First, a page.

The theory behind attention philanthropy is simple. Oprah has a great deal of a valuable commodity – attention – and the incremental cost of her spending that attention to call attention to a cause is minimal. In the long run, if she tweets about every campaign her fans want her to promote, she’ll likely start to lose her audience – the incremental cost may be small, but the cumulative cost could be very high.
Oprah – or whatever individual or team maintains her Twitter account – understands this, and acts as a careful curator of these requests for attention. Of course, this is what Oprah does in real-life as well. She understood the value of an appearance on her show, and her Harpo production company received thousands of unsolicited requests to promote stories or causes, and selected only a small subset to receive the gift of Oprah’s attention.
Like Oprah, Xeni Jardin is a media figure – she’s one of the editors of BoingBoing, and she, too, is in the business of curating and amplifying content. But there’s a big difference of scale – roughly 57,000 people follow Xeni on Twitter, versus Oprah’s 10 million. And Xeni uses Twitter quite differently from the ways Oprah uses it. She posts frequently – over 35,000 tweets – and she uses Twitter as a space to discuss personal and sensitive topics.
At the moment, Xeni is going through chemotherapy to treat breast cancer. She frequently uses Twitter to talk about her experiences with chemo and to engage in conversation with others who are fighting cancer. She’s conversing, as well as broadcasting, which means she needs to watch her @connect stream, as that’s how people who want to talk to her request her attention. This means that she may be more vulnerable to a Twitterbomb than Oprah – Oprah likely has a staffer monitoring @connect messages, who might tell her that hundreds of fans have requested she view and amplify the KONY2012 video, while Xeni is reading that stream continuously, engaging in conversations that are suddenly interrupted by a stream of requests for her to donate some attention to Athene’s cause.
We might argue that this is the price of fame on Twitter – gather an audience and you’ll suddenly receive requests to share content with that audience. But it’s a mechanism that affects some Twitter users more than others – it’s harder on people using Twitter to converse than those using it to broadcast. And then there’s a question about “fame” – it’s pretty clear that Oprah is a public figure, who’s going to be asked to share attention. It’s less clear to me that Xeni is a public figure and that people can have the same expectation that they can lobby her for attention.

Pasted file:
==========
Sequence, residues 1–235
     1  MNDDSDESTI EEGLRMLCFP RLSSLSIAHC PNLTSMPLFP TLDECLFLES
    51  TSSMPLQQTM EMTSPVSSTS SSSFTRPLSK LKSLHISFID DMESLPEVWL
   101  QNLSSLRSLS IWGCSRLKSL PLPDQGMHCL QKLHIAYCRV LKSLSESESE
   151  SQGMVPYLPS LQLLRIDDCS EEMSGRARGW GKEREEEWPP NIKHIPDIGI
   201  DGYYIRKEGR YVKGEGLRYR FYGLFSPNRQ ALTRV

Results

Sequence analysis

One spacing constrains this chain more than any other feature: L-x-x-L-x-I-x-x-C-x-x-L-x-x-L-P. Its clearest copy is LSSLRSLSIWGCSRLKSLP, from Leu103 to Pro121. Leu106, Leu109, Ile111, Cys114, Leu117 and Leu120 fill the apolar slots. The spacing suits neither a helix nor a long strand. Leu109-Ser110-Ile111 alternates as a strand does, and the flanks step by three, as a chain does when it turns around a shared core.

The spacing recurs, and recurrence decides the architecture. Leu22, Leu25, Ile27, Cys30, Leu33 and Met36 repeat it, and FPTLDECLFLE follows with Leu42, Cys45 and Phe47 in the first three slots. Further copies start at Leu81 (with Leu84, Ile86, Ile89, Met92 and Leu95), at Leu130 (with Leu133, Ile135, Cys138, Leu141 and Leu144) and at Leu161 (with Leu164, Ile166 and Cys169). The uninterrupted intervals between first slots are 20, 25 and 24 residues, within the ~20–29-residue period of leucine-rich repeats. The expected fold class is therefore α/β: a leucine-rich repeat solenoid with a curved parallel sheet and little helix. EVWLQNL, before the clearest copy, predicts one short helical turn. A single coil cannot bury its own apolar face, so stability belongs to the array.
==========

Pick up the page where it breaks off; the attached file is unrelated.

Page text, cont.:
This doesn’t address the more disturbing aspect of the situation: the vitriolic, sexist and hateful responses Xeni received when she asked – bluntly, confrontationally – people to stop interrupting her conversations with requests for her attention. Some of these are pretty easy to explain – if someone asks you to stop sending messages and you call her a whore, you’re an asshole. There are, alas, lots of assholes on the Internet. Several of the accounts that sent truly hateful messages to Xeni contained only a single post – they’d been created specifically to troll her, perhaps because users didn’t want their friends and followers to see them behaving like assholes on their main accounts.
What’s slightly more complicated is those who responded by justifying their behavior:
Most people don’t like receiving criticism. Most of us really don’t like criticism from people they’ve never met. (I speak from experience – I have a much harder time with critiques of this blog from people I don’t know than from the people I do.) And people really, really don’t like criticism when they were expecting praise for doing something worthwhile.
It’s great that Athene and Reese decided to use their net fame to raise money for a worthy cause. But how they raise awareness and money matters. Tweetbombing isn’t a scaleable tactic – it’s going to force targets of campaigns to start using Twitter in less conversational ways, which will make tweetbombs less effective. (If you’re just using Twitter to broadcast, you simply won’t see a tweetbomb.) And it can clearly blow up in your face – Athene and Reese were forced to apologize and to confront the fact that some of their fans acted like assholes.
Twitterbombing is a tactic that forces us to think about the ethics of attention. We may believe that Reese and Athene are engaged in a deeply important cause – does that mean we’re ethically justified in asking someone else to pay attention? What’s the difference between asking a friend for their attention, and someone you don’t know? A public figure versus a media curator, versus someone who simply has a lot of Twitter followers?
Twitter is a fascinating tool in part because new behaviors evolve through social practice, not through engineering. Hashtags weren’t a feature in the code of Twitter – they were a social feature, added through practice without making changes in code. But not all emergent behaviors are as healthy as others. As Xeni suggested at the end of her “trollstorm”, this is a behavior Twitter may want to take a close look at and decide if this is really how they want their tool to be used.